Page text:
# What do we need white box crypto for?

I am familiar with white box cryptography, but somehow I still fail to see its potential applications? Which situations would necessitate using it? Maybe you can even give me an example or two?

I know it is used to protect keys, but one could say: “Hey, come-on, derive a scheme where you don't need secret key”. Or, we could simply use what we have: public key encryption. All that’s to it is to maybe generate session keys and then encrypt/decrypt things using those keys.

• I bet you can come up with an application for DRM usage... – SEJPM Jul 30 '16 at 17:26
• @SEJPM something other than DRM please – user37229 Jul 30 '16 at 17:31
• @EllaRose can you expand? – user37229 Jul 30 '16 at 17:31
• Host Card Emulation (HCE), which is commonly used for mobile payments. See e.g. bellid.com/blog/what-is-white-box-cryptography for more detail. – user4982 Jul 30 '16 at 19:36
• Please to all: instead of replying with one sentence, provide elaborated example how and where white box crypto would be necessary and useful and how. – user37229 Jul 30 '16 at 19:51

It could enable a key exchange based off of symmetric primitives alone. For example, suppose I can provide to you a program that will allow you to perform AES-256 encryption of a single plaintext block. I could send you this program, you could perform your encryption and send me the result, and due to the whitebox nature of the algorithm, only I can decrypt it (not even you can).

This basically creates a public key encryption scheme using only the white box symmetric primitive. This is valuable because the hardness assumptions that underlie traditional public key primitives versus that of symmetric primitives. There is no known way to scratch the surface of the security of a single AES encryption. This is contrary to ordinary public key crypto, which is based on problems that more or less have very clear solutions, and only work because there are no known algorithms that are efficient enough to handle the key sizes involved.

The key size for AES are significantly smaller then say an RSA keypair, and the operations are significantly more efficient. A white box implementation might be different then a traditional implementation in this respect, but we'll have to wait and see.

This is not possible with a traditional implementation of AES because anyone who knows the key can perform both the encryption and decryption operations. With a white box implementation, the key is embedded into the program in a manner that makes it (ideally) impossible to extract. Of course, this also implies the program is constructed to only posses the encryption capability, and not decryption.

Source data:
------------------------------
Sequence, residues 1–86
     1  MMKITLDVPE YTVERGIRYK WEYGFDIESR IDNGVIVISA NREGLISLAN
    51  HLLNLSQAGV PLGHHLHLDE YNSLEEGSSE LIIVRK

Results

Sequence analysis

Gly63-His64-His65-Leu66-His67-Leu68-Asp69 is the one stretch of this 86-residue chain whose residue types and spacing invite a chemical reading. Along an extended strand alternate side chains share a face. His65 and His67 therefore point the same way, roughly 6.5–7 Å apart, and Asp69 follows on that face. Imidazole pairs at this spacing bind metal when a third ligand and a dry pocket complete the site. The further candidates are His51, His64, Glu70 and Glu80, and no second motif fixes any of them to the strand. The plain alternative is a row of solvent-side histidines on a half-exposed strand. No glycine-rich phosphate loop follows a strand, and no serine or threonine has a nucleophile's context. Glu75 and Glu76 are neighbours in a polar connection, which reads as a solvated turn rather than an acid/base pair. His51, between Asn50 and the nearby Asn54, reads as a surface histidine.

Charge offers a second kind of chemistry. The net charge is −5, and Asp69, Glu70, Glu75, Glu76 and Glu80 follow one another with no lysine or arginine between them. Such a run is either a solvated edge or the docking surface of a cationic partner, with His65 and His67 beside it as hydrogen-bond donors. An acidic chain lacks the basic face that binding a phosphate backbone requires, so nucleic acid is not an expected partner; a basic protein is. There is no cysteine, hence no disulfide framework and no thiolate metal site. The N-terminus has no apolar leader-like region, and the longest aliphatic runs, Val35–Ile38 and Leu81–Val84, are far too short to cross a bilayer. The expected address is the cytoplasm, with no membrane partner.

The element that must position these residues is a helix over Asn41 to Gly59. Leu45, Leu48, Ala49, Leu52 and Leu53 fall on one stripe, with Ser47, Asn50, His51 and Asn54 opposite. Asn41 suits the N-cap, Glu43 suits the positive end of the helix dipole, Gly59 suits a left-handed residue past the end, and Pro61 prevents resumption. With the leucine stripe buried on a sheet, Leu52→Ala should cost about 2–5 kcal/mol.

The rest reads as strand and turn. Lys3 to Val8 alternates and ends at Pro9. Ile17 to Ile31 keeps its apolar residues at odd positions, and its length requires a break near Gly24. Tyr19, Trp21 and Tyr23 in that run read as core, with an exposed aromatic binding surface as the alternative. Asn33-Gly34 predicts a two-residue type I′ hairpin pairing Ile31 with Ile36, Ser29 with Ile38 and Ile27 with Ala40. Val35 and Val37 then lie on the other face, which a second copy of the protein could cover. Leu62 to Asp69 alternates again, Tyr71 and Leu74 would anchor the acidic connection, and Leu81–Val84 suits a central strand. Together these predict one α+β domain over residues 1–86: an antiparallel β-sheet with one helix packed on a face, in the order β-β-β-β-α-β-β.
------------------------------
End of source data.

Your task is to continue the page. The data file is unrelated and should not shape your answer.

• for completeness please add also why I would not be able to do same just using AES 256 (without white box) – user37229 Jul 31 '16 at 7:26
• @user200300 Chances are that the following Q&A will help you to grasp that last bit… “What is a white-box implementation of a cryptographic algorithm? – e-sushi Jul 31 '16 at 10:57
• @e-sushi No that I've read that - that example mentions how white box crypto would help if I hard coded AES key in code. What if I don't hard code and neither use white box - can't I achieve same what Ella Rose suggests in this post??? – user37229 Jul 31 '16 at 18:12
• @user200300 no, because "anyone who knows the key can perform both encryption and decryption" - a white box implementation lets you perform encryption using my key, without me giving you my key. – Ella Rose Jul 31 '16 at 18:23
• @user200300 Exactly what Ella wrote! Besides, if you …don't hard code and neither use white box, we’re not talking white-box crypto anymore… which would render your question superfluous. ;) In the end, it’s all about definitions and scenarios. White box crypto can make a lot of sense in the correct scenarios (and when implemented correctly)… but you’re not all that wrong when you think that white box crypto can also break your neck if you try to use it in scenarios it wasn’t invented for. Let’s see if I can wrap up a small example as a final comment here. OK, maybe it helps if you… [1/2] – e-sushi Jul 31 '16 at 23:21

We can divide the applications into several categories according to the security notions related to white-box cryptography.

1. Unbreakability: means protecting against key extraction in the worst case attacking model where an adversary fully controls the running environment. The mobile payment(e.g. HCE), digital contents distribution and soft-keyboard-typed password protection belong to this category.
2. One-wayness: means it is difficult to reverse a white-box implementation. In this sense, we can turn a white-box implemented symmetric primitive into a public-key primitive, where the published implementation is the public key and the key of you symmetric primitive is hence the private key.
3. Incompressibility: means you cannot easily compress the white-box implementation below some boundary. I do not know any practical application of this notion so far.
4. Traceability: means it is possible to put an irremovable watermark into your implementation, which can be used to track the distribution of your software, or detecting illegal leakage of assets.